As Chris Hulatt and Simon Rogerson head off to Monaco to compete at the EY World Entrepreneur Of The Year 2018 Forum, we wanted to find out what a regular day looks like for the Octopus co-founders.
When does your day start, and when does it end?
CHRIS: I used to spend much more time in the office, but increasingly my days are filled with external meetings, as I’m focused on developing our external relationships. When I’m working in our head office, I will usually arrive at 6:45am and will leave at 7pm.
SIMON: I’m enjoying a slight mid-life crisis at the moment, which means I run to the office, and run back home, every day. It works out at 50km a week. Running helps set me up for the day, or it clears my head before I get home. I aim to be in the office for a 7.30am start.
I usually leave the office around 6.15pm to get back home for 7.30pm, although probably twice a week I’ll spend the evening with Octopus customers (typically financial advisers). I spend time with the kids and have dinner, and then I’m back to work between 9pm and 10.15pm (usually catching up on emails and reading papers).
Can you describe an average working day?
CHRIS: A lot of my time is spent working with our Institutional Funds team and with the businesses themselves, taking part in presentations and working on plans to raise institutional money. We believe it is going to be one of the key value drivers for Octopus in the years ahead.
For example, on my last day in the office, I went for a coffee with the Chief Investment Officer of one of the largest pension funds in the UK. We chatted about how he is looking to manage the pension fund, what sort of asset classes he is interested in, and he was keen to find out more about Octopus.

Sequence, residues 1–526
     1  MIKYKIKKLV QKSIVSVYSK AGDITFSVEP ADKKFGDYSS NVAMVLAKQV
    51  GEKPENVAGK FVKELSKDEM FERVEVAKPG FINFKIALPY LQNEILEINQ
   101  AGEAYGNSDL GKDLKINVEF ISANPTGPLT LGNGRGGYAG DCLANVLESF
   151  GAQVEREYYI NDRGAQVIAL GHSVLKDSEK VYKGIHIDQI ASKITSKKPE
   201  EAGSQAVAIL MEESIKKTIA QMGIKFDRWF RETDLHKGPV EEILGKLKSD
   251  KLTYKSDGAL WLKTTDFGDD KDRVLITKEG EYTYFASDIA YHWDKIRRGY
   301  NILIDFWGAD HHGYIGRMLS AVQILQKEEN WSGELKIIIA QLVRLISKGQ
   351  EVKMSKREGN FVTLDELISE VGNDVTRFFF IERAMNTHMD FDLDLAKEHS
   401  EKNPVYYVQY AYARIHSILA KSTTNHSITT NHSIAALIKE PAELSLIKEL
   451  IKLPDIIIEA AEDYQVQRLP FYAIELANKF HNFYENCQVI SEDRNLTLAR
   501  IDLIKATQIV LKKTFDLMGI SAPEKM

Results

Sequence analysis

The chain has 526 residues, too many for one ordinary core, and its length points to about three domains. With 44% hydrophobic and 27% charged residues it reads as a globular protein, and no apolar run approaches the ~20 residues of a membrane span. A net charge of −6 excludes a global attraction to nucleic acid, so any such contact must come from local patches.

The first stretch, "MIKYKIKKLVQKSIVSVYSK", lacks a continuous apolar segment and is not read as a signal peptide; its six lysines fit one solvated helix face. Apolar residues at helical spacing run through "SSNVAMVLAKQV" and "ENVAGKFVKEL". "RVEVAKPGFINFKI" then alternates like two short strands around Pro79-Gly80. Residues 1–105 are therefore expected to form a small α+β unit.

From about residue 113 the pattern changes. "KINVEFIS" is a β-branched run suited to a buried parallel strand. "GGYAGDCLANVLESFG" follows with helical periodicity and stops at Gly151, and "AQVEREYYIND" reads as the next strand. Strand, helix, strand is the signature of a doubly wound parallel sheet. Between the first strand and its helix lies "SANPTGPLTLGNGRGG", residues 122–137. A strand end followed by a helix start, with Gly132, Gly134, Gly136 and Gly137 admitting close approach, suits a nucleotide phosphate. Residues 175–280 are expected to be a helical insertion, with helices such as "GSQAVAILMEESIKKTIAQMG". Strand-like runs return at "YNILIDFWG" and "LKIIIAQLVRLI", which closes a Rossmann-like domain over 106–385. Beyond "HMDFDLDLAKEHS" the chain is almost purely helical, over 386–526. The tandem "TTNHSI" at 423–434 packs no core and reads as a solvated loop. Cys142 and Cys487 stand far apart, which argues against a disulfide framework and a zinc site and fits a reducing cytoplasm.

I also spend time meeting other types of stakeholders, such as MPs and Government ministers, to talk about the areas where we are active and to suggest ideas for improvements to Government policies. We recently published our High Growth Small Business Report for 2018, and it’s been great to hear about the positive feedback it has received, and how it can help shape future policy discussions.
SIMON: I always make sure I have two hours per day without any meetings. Having this discipline allows me to think, plan or focus on areas of the Group that most need my attention. The rest of my time is spent with people, although you could break this down into a few different categories:
- One-to-one meetings: mostly with my direct reports, and I’ll also meet with the CEOs of the different Octopus businesses that don’t report to me directly.
- Interviewing potential new recruits: there was a time not so long ago when I would interview everyone applying for a job at Octopus. Now that we’ve grown to more than 600 employees I can’t do this, but I still interview lots of people, and I love being part of the interview process.
- Ad hoc catch-ups: I really try to encourage an open, honest, feedback culture at Octopus, and making myself available when anyone in the Group wants to talk is part of this. It helps to ensure they see me as Simon rather than ‘the CEO’. And part of my time is spent giving feedback to others.
- Culture: I work closely with the CEOs and the senior teams of each Octopus business, to ensure the culture at Octopus remains what we want it to be.